[I]f we make the assumption that “a person would not ordinarily tolerate another person remaining in the premises and committing a crime,” and assuming that this withdrawn consent can be established at trial, a number of crimes that would normally not qualify as felonies would suddenly be elevated to burglary.   In other words, any crime, including misdemeanors, committed on another person's premises would become a burglary if the owner of the premises becomes aware that the suspect is committing the crime.   Obviously, this leads to an absurd result.   For example, if a person hosts a party and catches an invitee smoking marijuana on the premises, the invitee is not only guilty of a misdemeanor marijuana charge but also of burglary, a second-degree felony.   The same can be said of the invitee who writes a bad check for pizza in front of an aware host.   The other extreme is also true.   An invitee who commits second-degree murder on another person's premises and in the presence of an aware host could be charged with first-degree felony murder, with the underlying felony being burglary.   The possibility exists that many homicides could be elevated to first-degree murder, merely because the killing was committed indoors.

Delgado, 776 So.2d at 239 (emphasis supplied).   Thus, the essence of Delgado is that evidence of a crime committed inside the dwelling, structure, or conveyance of another cannot, in and of itself, establish the crime of burglary.   Stated differently, the State cannot use “the criminal act to prove both intent and revocation” of the consent to enter.  Id. at 238.

In Smith v. State, 598 So.2d 1063, 1066 (Fla.1992), we held that “any decision of this Court announcing a new rule of law, or merely applying an established rule of law to a new or different factual situation, must be given retrospective application by the courts of this state in every case pending on direct review or not yet final.”   We concluded that this result was mandated by “the principles of fairness and equal treatment ․ which are embodied in the due process and equal protection provisions of article I, sections 9 and 16 of the Florida Constitution.”  Id. Thus, under Smith this Court's interpretation of the burglary statute in Delgado became applicable to any pending cases on review and not yet final when Delgado was decided.   If we were to now recede from Delgado, defendants like Braggs and Ruiz would be treated differently than other similarly situated defendants whose appeals were pending at the time Delgado was decided and who have already received relief.   See, e.g., Lyons v. State, 791 So.2d 36, 36 (Fla. 2d DCA 2001) (reversing for a new trial where, in light of Delgado, the general verdict finding Lyons guilty of first-degree murder made it impossible to discern whether the jury relied on the legally inadequate theory of burglary), review denied, 831 So.2d 673 (Fla.2002);  Eltaher v. State, 777 So.2d 1203, 1204 (Fla. 4th DCA) (reversing conviction of trespass, the lesser included offense of burglary, based on Delgado ), review denied, 799 So.2d 217 (Fla.2001).   Such disparate treatment cannot be reconciled with the constitutional principles on which our decision in Smith rests.8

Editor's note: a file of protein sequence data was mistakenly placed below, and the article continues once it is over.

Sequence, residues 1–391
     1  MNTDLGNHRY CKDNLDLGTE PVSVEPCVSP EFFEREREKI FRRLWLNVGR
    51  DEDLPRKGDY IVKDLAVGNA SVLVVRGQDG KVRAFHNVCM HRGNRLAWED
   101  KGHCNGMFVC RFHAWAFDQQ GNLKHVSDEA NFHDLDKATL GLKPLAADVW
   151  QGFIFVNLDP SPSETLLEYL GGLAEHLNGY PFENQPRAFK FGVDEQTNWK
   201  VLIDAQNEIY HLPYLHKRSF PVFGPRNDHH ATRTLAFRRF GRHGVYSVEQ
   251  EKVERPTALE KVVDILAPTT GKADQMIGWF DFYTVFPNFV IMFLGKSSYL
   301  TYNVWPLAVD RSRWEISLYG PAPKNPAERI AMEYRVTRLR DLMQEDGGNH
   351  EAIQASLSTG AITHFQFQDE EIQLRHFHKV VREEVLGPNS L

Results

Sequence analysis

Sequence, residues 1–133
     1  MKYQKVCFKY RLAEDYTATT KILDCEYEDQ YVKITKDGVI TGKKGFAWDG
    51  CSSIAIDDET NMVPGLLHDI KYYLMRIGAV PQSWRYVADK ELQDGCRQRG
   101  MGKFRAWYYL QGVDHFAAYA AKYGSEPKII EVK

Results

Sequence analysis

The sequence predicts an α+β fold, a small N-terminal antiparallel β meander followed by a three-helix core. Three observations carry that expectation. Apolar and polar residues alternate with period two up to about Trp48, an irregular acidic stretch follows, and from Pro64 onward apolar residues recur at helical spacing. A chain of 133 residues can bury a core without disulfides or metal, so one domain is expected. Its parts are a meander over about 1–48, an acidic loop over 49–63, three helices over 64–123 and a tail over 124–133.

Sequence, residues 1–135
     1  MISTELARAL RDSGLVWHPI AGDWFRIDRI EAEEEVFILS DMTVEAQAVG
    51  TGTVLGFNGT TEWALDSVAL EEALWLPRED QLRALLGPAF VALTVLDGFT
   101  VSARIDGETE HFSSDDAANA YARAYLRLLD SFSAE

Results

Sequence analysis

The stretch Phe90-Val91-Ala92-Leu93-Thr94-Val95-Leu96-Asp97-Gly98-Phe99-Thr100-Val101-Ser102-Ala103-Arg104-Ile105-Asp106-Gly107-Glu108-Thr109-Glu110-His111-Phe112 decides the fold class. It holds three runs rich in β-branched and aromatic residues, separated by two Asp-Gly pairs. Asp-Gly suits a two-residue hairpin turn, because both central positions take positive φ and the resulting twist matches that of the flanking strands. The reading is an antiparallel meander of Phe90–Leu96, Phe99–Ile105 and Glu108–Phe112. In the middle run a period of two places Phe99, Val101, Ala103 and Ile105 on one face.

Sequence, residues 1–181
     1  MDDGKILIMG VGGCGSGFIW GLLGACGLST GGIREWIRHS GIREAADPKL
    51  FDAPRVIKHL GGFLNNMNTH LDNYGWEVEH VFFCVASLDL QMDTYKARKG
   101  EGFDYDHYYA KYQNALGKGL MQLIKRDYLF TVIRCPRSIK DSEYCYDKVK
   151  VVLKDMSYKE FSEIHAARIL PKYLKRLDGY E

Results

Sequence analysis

Accordingly, the burglary convictions in Braggs' and Ruiz's cases cannot stand.   However, we emphasize that the reversal of these burglary convictions does not affect the validity of Braggs' and Ruiz's other convictions, which were affirmed by the Third District.   See Ruiz, 841 So.2d at 469;  Braggs, 815 So.2d at 661.9

CONCLUSION

Based on the forgoing, we answer the rephrased question in the negative and hold that section 1 of chapter 2001-58, which is codified at section 810.015, Florida Statutes (2002), is not applicable to conduct that occurred prior to February 1, 2000.   We approve the decisions of the Third District in Braggs and Ruiz, but disapprove the Third District's reasoning in Braggs to the extent it is inconsistent with this decision.

It is so ordered.